The exceptional temporal frame of festivals has been theorized extensively from an anthropological and sociological perspective. In the introduction to Time Out of Time: Essays on the Festival, Alessandro Falassi describes how “festival time imposes itself as an autonomous duration, not so much to be perceived and measured in days or hours, but to be divided internally by what happens within it from its beginning to its end” (Falassi 1987: 4, section 1.3). In addition, film festival research has addressed the defining temporal characteristics that are more specific to film festivals, such as festivals’ use of exceptional temporality to add value and set agendas (Elsaesser 2005, De Valck 2007, both section 1.1), as well as the festival calendar, which defines the relation of festivals to one another, their position in the circuit, and sets the expiration date at a one-year maximum. More specifically, our understanding of the way these characteristics shape film festivals needs to be advanced with close analyses of festival prizes, festival juries and the role of critics. The articles in this category flesh out some of the main concerns, such as the subjective nature of evaluations (Helmke 2005; Pride 2002), the effects of awards on distribution (Dodds/Holbrook 1998), and the correlation between taste and mediation in high art (Shrum 1996).
De Valck, Marijke, and Mimi Soeteman (2010). “‘And the Winner is…’: What Happens Behind the Scenes of Film Festival Competitions.” International Journal of Cultural Studies 13:3 (2010): 290–307.
Dodds, John C., and Morris B. Holbrook (1998). “What’s an Oscar Worth? An Empirical Estimation of the Effects of Nominations and Awards on Movie Distribution and Revenues.” Current Research in Film: Audiences, Economics and Law 4 (1998): 72–88.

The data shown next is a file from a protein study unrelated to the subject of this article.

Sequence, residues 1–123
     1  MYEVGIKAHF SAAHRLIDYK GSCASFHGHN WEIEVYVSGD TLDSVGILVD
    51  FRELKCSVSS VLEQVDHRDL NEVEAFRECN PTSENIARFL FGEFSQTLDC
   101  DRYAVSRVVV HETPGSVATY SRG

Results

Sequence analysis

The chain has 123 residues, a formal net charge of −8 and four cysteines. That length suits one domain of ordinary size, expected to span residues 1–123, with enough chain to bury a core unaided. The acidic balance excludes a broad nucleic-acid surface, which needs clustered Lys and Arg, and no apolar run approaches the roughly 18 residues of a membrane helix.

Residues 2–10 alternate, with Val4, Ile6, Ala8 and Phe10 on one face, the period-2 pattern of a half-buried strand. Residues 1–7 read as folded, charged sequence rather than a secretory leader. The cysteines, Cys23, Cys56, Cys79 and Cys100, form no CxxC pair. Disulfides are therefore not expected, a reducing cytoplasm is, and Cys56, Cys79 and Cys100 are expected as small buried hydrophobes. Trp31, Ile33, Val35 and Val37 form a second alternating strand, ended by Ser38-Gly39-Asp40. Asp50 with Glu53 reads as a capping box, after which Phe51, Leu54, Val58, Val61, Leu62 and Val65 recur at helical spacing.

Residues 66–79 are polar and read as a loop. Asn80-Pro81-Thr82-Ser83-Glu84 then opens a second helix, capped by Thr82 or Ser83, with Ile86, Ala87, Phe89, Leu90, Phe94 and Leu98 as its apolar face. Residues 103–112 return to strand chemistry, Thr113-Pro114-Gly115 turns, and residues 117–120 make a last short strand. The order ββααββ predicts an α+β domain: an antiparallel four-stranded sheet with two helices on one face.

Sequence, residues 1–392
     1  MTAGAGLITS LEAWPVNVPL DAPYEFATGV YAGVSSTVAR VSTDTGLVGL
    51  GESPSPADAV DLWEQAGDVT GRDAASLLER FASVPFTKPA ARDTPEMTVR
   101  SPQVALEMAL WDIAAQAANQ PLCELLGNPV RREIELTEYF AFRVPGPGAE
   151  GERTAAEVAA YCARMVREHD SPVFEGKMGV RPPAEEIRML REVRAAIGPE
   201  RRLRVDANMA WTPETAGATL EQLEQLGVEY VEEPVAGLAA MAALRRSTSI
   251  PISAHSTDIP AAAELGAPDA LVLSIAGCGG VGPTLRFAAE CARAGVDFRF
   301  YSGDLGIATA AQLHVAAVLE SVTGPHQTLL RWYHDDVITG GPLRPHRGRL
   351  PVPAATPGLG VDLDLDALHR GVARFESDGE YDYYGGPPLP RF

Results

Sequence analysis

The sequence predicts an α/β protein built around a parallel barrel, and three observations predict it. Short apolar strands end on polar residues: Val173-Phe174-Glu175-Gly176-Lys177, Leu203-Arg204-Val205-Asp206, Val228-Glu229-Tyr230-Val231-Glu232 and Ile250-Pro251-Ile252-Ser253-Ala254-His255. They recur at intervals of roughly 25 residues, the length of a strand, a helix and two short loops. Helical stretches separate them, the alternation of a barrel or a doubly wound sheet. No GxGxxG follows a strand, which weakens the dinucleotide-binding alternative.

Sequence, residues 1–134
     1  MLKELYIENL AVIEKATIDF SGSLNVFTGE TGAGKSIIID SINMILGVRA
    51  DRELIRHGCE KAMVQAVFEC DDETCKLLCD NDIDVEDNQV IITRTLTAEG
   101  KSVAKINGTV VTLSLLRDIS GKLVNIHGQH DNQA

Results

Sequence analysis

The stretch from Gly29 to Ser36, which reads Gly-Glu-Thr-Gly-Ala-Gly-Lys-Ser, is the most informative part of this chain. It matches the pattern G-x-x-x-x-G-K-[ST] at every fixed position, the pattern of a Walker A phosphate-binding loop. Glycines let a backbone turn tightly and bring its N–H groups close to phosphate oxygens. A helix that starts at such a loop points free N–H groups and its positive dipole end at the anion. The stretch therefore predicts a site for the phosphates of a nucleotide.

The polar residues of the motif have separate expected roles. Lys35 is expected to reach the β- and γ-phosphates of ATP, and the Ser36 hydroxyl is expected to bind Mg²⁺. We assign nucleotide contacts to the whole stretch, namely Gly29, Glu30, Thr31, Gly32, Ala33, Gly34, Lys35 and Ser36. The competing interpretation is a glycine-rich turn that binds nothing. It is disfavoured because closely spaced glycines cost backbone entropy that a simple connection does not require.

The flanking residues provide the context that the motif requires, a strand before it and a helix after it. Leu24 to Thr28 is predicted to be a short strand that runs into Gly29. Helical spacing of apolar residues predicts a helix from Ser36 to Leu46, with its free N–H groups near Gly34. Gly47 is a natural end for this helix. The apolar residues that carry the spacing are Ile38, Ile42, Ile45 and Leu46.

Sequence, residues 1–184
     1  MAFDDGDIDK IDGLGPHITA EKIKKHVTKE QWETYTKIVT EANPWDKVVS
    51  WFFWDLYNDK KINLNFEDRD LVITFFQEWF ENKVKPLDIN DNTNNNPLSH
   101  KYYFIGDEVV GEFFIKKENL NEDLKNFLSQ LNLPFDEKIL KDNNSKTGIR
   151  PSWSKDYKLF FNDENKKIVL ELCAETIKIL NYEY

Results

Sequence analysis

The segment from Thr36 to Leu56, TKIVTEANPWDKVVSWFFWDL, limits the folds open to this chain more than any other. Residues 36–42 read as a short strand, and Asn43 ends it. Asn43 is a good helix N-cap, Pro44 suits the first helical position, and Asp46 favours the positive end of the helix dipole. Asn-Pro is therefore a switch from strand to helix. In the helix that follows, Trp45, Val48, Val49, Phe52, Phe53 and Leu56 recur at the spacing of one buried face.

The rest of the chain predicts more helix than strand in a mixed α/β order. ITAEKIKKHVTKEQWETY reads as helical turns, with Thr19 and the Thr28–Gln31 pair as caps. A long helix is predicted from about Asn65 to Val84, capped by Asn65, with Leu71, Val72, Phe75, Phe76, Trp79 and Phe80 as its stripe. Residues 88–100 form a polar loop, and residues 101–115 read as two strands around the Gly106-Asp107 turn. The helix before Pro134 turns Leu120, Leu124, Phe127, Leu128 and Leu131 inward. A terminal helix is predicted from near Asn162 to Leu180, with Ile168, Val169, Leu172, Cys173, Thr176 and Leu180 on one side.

Helmke, Julia (2005). Kirche, Film und Festivals: Geschichte sowie Bewertungskriterien evangelischer und ökumenischer Juryarbeit in den Jahren 1948 bis 1988. Erlangen: CPV Christliche-Publizistik-Verlag.
Mezias, Stephen, et al. (2011). “Transforming Film Product Identities: The Status Effects of European Premier Film Festivals, 1996–2005.” Negotiating Values in the Creative Industries: Fairs, Festivals and Competitive Events. Eds. Brian Moeran, and Jesper Strandgaard Pedersen. Cambridge; New York: Cambridge University Press. pp. 169–196.
Nuchelmans, André (2004). “De Loden Last van het Gouden Kalf: Het belang van filmprijzen voor regisseur en acteur.” Boekman no. 60 (2004): 115–120.
Pride, Ray (2002). “The Prize Patrol: The Inexact Science of Festival Juries and Critics Awards.” The Independent: Film and Video Monthly 25:1 (2002): 26–29.
Ranvaud, Don (1985). “Don Ranvaud and Festivals.” Filmnews 15:9 (December 1985): 10–11.
Rosenbaum, Jonathan (2000). “Trafficking in Movies: Festival-hopping in the Nineties.” Movie Wars, How Hollywood and the Media Limit What Films We Can See. London: Wallflower. pp. 143–173.
Scott, Robert Dawson. “Bridging the Cultural Gap: How Arts Journalists Decide What Gets onto the Arts and Entertainment Page.” Critical Quarterly 41:1 (Spring 1999): 46–56.
Shrum, Wesley Monroe Jr. (1996). Fringe and Fortune: The Role of Critics in High and Popular Art. Princeton, NJ: Princeton Univ. Press.
Stringer, Julian (2002). “Japan 1951–1970: National Cinema as Cultural Currency.” Tamkang Review (Taiwan) 33:2 (winter 2002): 31–53. | Reprinted in: Film Festival Yearbook 3: Film Festivals and East Asia. Eds. Dina Iordanova, and Ruby Cheung. St. Andrews: St Andrews Film Studies, 2011. pp. 62–80.
(Last updated: 12 January 2012)